Featured Research

from universities, journals, and other organizations

Recurrent Genetic Deletion Linked To Autism, Study Shows

Date:
January 10, 2008
Source:
University of Chicago Medical Center
Summary:
Loss of a small portion of chromosome 16, known as 16p11.2, is significantly associated with autism researchers report in the journal Human Molecular Genetics. Although this genetic microdeletion occurred in only 4 out of 712 subjects with autism (0.6 percent), it is the second most common recurrent genomic disorder associated with autism, which affects about 1 out of 160 children in the United States.

Loss of a small portion of chromosome 16, known as 16p11.2, is significantly associated with autism report researchers from the University of Chicago Medical Center, the University of Illinois at Chicago, and the Roswell Park Cancer Institute in a new article.

Although this genetic "microdeletion" occurred in only four out of 712 subjects with autism (0.6%), it is the second most common recurrent genomic disorder associated with autism, which affects about one out of 160 children in the United States.

"We suspect that 16p11.2 microdeletions are a risk factor for autism spectrum disorders generally and may cause mild autism in some families," said study author Susan Christian, PhD, associate professor of human genetics at the University of Chicago. "By disturbing the network of affected genes, this loss of selected genes may underlie the development of autism."

The deletion results in the loss of about 25 known genes. "Twelve of those genes appear to be part of a single genetic network that includes genes involved in cell-to-cell signaling and interaction," said first author Ravinesh A. Kumar, PhD. postdoctoral scientist in human genetics at the University of Chicago, "At least three of the deleted genes are primarily expressed in the brain and are thought to influence behavior," he added, "which makes them very promising candidates for autism."

The authors suspect the lost or damaged genes may also be involved in other cognitive, language and social impairments.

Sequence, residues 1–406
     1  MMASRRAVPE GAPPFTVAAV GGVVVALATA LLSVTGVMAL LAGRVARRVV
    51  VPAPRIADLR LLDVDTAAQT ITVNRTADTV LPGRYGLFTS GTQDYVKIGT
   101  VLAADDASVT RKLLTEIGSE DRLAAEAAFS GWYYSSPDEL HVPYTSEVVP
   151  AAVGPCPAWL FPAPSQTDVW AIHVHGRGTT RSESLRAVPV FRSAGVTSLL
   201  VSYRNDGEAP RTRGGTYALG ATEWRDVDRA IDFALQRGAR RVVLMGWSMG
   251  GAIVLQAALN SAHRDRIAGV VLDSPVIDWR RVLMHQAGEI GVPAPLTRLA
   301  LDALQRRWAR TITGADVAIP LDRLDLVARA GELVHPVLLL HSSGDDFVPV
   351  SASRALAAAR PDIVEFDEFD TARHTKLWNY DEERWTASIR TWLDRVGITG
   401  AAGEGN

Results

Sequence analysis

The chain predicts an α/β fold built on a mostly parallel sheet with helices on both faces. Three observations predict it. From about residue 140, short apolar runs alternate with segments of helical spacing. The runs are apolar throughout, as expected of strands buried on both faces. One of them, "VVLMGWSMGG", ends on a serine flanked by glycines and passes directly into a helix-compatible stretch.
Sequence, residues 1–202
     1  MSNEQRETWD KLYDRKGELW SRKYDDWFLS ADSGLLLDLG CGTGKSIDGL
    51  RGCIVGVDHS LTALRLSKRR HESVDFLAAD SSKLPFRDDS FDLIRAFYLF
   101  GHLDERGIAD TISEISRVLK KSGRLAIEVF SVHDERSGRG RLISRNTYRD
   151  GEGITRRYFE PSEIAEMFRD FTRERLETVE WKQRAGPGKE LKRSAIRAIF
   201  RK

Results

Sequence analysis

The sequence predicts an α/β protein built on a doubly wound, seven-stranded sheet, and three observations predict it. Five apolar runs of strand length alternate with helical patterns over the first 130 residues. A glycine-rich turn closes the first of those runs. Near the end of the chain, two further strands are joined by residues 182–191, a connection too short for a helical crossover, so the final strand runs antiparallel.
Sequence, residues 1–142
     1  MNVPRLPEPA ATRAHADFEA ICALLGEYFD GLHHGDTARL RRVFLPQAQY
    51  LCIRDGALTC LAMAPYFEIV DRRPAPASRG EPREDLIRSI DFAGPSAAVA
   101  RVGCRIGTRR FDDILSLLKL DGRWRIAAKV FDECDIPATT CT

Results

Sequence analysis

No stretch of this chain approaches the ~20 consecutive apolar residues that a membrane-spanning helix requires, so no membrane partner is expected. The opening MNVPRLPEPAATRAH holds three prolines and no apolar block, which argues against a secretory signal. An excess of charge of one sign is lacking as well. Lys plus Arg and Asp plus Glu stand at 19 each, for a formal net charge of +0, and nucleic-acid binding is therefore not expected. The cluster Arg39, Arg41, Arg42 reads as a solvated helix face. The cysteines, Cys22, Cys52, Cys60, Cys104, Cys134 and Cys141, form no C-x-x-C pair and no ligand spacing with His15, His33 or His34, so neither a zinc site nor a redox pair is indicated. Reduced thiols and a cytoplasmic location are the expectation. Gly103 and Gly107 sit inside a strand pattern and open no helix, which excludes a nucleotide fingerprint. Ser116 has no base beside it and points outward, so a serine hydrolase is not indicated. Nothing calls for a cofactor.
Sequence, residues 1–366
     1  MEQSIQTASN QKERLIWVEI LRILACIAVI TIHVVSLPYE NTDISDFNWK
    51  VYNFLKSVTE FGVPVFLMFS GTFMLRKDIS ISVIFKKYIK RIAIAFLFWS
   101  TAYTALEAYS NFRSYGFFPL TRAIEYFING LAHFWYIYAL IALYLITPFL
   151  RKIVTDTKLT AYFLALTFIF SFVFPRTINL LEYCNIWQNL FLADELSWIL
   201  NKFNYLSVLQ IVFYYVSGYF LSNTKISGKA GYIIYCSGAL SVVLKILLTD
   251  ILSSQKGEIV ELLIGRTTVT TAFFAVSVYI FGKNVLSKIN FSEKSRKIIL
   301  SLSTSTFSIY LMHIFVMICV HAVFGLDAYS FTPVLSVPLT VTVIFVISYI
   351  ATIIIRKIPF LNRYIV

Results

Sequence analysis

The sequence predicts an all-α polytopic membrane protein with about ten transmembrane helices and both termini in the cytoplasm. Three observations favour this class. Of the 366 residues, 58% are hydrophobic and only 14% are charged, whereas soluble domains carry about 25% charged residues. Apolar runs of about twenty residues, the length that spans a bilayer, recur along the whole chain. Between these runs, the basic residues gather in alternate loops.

To find genes linked to autism, the researchers scanned the entire genomes of 180 subjects with autism searching for submicroscopic pieces of DNA that were either lost or mistakenly duplicated in patients diagnosed with autism. They first found that two out of those 180 (1.1%) had a deletion in region 16p11.2, on the short arm of chromosome 16. None of the 372 control subjects had the same deletion.

To confirm that result, the researchers screened DNA from an additional 532 subjects with autism. They found two additional subjects with the same deletion (0.4%), which was seen in none of the 465 controls. Combining the two samples produced a total prevalence of 16p11.2 deletions of 0.6 percent.

The 16p11.2 region is flanked on both sides by bands of segmental duplications, short strings of nearly identical DNA that predispose to the loss, shuffling or amplification of this region during genetic recombination. "Many human diseases are caused by these types of chromosomal rearrangements, however, this is the first recurrent microdeletion in autism too small to be seen under a microscope," said Christian.

The most common known genetic cause of autism, linked to about one to three percent of cases, is a much larger duplication of part of chromosome 15, involving about a dozen genes. The chromosome 15 abnormality is associated with autism as well as intellectual disability. The chromosome 16 deletion, by contrast, is not consistently associated with intellectual disability.

"Although this only explains about one-half of one percent of autism," said co-author William Dobyns, professor of human genetics and pediatrics at the University of Chicago, "it provides the best clues yet for finding the specific genetic changes that lead to the disease. This is a small region with a limited number of genes, including several strong candidates, each of which merits a closer look. The next step is to find the specific gene or genes involved. There may be one gene within that deletion that is at the core of the problem."